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How do paraffin manicures work?

Renee asks…How do paraffin manicures work?

The Beauty Brains respond:

A paraffin manicure is a treatment that involves plunging your hands (or feet) into hot, molten wax. The wax is then covered with plastic and allowed to “soak into” your skin. When the hardened wax shell is removed, you skin is left feeling smooth and moisturized. The process supposedly improves the quality of your manicure and some people even allege that it opens pores to release toxins and even soothes arthritis.

Waxing eloquent

Believe it or not, the magic ingredient in a paraffin manicure is not really paraffin at all, it’s actually….mineral oil! Yep, that’s right the same petroleum byproduct that’s vilified by so many people because they believe it is unsafe. You see paraffin wax and mineral oil are both extracted from crude oil and then purified to remove any impurities, particularly cyclic compounds, that can be hazardous. So, both mineral oil and paraffin wax consist of almost pure alkanes which are straight chain hydrocarbons that are nearly inert and about as safe as they can be. The name paraffin comes from the Latin “parum (barely) and affinis (affinity) meaning it lacks affinity or lacks reactivity.

Many commercial paraffin manicure products are are actually mixed with mineral oil. For example, here’s the ingredient list for a Thermal Spa product: paraffin, mineral oil, Aloe barbadensis leaf extract, lanolin, soybean oil, fragrance, citronellol, coumarin, eugenol, limonene and linalool. Even “pure” paraffin wax contains about 0.5% oil.

Mineral oil (a.k.a. baby oil) is an extremely effective moisturizer. The wax shell helps hold the oil place to make sure that it is absorbed into your skin. When I say “absorbed” I’m talking about only into the stratum corneum which is the upper layer of skin which is dead. Mineral oil does not penetrate into the deeper layers or into the bloodstream. The mineral oil is very hydrophobic (repels water) so it helps keep moisture locked deep in your skin. While the wax-oil mixture does soften skin it won’t really provide any benefit for your nail polish. That’s because paraffin is much softer than the resins used to polish your nails.

The Beauty Brains bottom line

A paraffin manicure is certainly a pampering indulgence but don’t expect to do much for your nails or cure your arthritis. And if you’re in a hurry and don’t have time to melt a pot of wax, try rubbing a little baby oil on your hands and feet to get a similar softening effect.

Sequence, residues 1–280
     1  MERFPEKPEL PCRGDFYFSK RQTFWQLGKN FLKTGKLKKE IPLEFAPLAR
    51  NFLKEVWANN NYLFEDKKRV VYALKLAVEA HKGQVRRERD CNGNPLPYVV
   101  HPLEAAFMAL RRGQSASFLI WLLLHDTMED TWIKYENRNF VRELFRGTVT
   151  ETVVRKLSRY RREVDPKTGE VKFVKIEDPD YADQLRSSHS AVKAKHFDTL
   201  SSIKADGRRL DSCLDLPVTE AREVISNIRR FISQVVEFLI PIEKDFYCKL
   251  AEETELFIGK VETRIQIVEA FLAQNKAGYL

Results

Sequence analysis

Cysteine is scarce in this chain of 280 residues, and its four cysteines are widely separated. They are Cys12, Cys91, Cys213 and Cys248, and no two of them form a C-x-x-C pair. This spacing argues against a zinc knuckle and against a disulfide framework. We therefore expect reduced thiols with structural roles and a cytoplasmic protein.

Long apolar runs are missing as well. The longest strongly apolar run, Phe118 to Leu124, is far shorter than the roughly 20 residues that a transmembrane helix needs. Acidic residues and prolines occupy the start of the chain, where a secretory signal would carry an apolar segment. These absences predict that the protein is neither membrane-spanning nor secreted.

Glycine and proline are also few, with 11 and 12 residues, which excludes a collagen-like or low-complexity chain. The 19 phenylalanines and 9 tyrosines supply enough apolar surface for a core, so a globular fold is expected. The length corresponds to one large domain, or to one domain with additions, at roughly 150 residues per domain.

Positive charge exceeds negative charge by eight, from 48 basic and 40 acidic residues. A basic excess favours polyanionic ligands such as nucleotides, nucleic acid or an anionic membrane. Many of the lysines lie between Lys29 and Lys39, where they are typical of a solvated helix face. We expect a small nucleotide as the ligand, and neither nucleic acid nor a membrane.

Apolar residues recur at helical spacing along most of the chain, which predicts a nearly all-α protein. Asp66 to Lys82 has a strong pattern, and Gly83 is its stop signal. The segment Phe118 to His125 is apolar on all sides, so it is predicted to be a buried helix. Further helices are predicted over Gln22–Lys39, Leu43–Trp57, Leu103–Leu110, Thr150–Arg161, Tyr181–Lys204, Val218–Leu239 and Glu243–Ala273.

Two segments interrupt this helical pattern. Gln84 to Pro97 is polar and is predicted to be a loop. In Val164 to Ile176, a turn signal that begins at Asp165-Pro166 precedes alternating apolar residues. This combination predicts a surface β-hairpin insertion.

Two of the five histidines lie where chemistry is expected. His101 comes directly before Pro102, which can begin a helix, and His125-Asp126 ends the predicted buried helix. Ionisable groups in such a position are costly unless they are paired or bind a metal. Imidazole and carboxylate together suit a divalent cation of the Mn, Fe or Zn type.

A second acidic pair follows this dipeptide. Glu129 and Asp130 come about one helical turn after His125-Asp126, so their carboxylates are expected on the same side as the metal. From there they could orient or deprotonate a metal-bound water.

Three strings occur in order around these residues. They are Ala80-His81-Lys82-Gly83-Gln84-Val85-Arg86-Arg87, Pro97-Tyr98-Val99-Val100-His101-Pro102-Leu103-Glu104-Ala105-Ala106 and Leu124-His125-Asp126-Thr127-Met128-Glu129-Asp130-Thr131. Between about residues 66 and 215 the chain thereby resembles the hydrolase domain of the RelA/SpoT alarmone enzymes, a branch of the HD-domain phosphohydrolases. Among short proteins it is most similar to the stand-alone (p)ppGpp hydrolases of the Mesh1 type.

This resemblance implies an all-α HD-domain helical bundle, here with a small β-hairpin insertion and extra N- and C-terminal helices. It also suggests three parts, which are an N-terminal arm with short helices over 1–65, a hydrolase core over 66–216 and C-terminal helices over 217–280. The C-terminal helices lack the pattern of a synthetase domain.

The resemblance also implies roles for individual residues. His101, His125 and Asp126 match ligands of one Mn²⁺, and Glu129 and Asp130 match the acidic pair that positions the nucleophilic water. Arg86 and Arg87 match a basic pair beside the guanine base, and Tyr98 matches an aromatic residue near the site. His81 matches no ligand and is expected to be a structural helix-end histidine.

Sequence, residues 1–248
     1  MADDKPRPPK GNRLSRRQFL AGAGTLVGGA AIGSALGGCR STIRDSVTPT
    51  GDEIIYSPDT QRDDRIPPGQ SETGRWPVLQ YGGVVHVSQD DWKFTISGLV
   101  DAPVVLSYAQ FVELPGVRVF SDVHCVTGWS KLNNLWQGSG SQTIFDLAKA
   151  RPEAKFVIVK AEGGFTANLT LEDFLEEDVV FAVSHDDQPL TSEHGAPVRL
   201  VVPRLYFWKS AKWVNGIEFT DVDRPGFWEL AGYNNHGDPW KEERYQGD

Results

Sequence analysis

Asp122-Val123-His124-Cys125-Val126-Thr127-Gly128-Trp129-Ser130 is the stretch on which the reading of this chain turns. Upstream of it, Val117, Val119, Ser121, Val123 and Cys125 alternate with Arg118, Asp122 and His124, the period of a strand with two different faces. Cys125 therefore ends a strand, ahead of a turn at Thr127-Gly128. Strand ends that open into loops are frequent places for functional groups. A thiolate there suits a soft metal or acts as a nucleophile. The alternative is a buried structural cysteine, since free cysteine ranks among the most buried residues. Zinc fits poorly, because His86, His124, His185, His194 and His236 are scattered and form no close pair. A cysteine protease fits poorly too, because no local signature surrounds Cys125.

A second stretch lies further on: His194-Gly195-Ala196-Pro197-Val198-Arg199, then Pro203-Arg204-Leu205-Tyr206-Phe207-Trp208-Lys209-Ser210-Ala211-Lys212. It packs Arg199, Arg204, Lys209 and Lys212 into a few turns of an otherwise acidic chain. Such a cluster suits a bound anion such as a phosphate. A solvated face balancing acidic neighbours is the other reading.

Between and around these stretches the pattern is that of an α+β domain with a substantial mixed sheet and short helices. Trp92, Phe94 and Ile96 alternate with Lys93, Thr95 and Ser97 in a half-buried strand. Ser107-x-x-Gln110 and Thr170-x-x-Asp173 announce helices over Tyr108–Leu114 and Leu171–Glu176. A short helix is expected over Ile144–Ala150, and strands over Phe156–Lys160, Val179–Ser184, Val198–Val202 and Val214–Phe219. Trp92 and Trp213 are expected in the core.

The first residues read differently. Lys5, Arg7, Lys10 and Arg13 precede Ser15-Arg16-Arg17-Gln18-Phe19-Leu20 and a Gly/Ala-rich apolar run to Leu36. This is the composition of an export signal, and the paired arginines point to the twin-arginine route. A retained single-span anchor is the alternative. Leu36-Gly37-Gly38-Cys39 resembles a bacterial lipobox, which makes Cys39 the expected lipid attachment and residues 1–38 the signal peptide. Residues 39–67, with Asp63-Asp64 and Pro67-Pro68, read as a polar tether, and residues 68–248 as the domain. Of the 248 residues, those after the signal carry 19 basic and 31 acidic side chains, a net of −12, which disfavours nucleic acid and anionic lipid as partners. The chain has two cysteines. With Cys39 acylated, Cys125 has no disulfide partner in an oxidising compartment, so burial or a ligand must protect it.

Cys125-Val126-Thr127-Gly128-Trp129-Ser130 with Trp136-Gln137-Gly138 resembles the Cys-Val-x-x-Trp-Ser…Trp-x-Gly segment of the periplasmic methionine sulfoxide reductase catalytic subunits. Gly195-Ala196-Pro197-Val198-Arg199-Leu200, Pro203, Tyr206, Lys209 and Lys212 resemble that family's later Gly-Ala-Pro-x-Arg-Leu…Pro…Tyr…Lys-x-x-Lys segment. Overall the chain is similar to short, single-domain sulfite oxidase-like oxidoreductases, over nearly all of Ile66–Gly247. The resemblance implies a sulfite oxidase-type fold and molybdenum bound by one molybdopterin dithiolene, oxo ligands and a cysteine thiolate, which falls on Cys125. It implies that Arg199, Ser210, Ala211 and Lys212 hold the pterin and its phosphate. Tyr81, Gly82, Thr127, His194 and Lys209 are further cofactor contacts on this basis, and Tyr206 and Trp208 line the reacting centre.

References:

http://igiwax.com/reference/waxbasics.html

http://www.cincinnatichildrens.org/assets/0/78/1067/4105/4211/4221/74b52ca1-489a-43d9-9ae0-0a2f4effe690.pdf

http://www.soap.com/p/thermal-spa-paraffin-plus-wax-refill-lavender-282536

http://www.nymanicure.net/paraffin-wax-manicure.html

{ 3 comments… add one }

  • Eileen September 6, 2014, 12:24 pm

    I’ve got a bone to pick. I’m not sure why you denigrate hot paraffin as a therapy for arthritis–not once, but twice–in a post about manicures that use paraffin. Perhaps it was unintentional?

    In your first paragraph you say, “. . . some people even allege that it opens pores to release toxins and even soothes arthritis.” Well, we all know pores don’t open and close like doors, but as for alleging that it soothes arthritis, that is a valid claim. It has long been known in the medical community and by those of us with osteoarthritis that hot paraffin therapy can be extremely beneficial because it provides deep, moist heat to stiff and painful joints. Applying comfortably hot paraffin to the affected joints, wrapping them in plastic wrap followed by towels, and then allowing the heat to penetrate for about 20 minutes is especially beneficial in reducing joint pain and stiffness which allows for easier, more comfortable movement.

    In your last paragraph you bring up arthritis again when you say, ” . . .don’t expect it to . . .cure your arthritis.” I don’t think for one moment that anyone with arthritis believes hot paraffin is going to “cure” this debilitating and degenerative condition. It is; however, widely accepted and often recommended as a therapy to mitigate pain and stiffness in the affected joints. It is considered a form of pain management; not a cure. If dipping a joint into hot paraffin was going to “cure” the problem, think of all the rheumatologists who would be out of work!

    As I initially said, perhaps the negative swipes at paraffin/arthritis were unintentional. It probably would have been better to not bring up the topic of arthritis unless you were going to explain how paraffin is used in therapy.

    • Randy Schueller September 6, 2014, 2:45 pm

      Eileen and Rosarita: You are both correct about the heat from paraffin treatments helping to soothe the symptoms or arthritis. I apologize for my “swipes.” When I was searching for information on this topic I read in a couple of places that paraffin is considered a “cure” and I guess that’s what I was reacting to. Still, I didn’t make that clear in the article and I really appreciate that you pointed out the error. Thanks!

  • rosarita September 6, 2014, 12:25 pm

    I have severe arthritis in my hands and while hot paraffin doesn’t cure arthritis, the warmth is long lasting and very soothing. I have packs to heat up in the microwave to put on my hands but they don’t cover all the joints. I’ve found the paraffin to be more effective for pain relief and soft skin is a nice side benefit.

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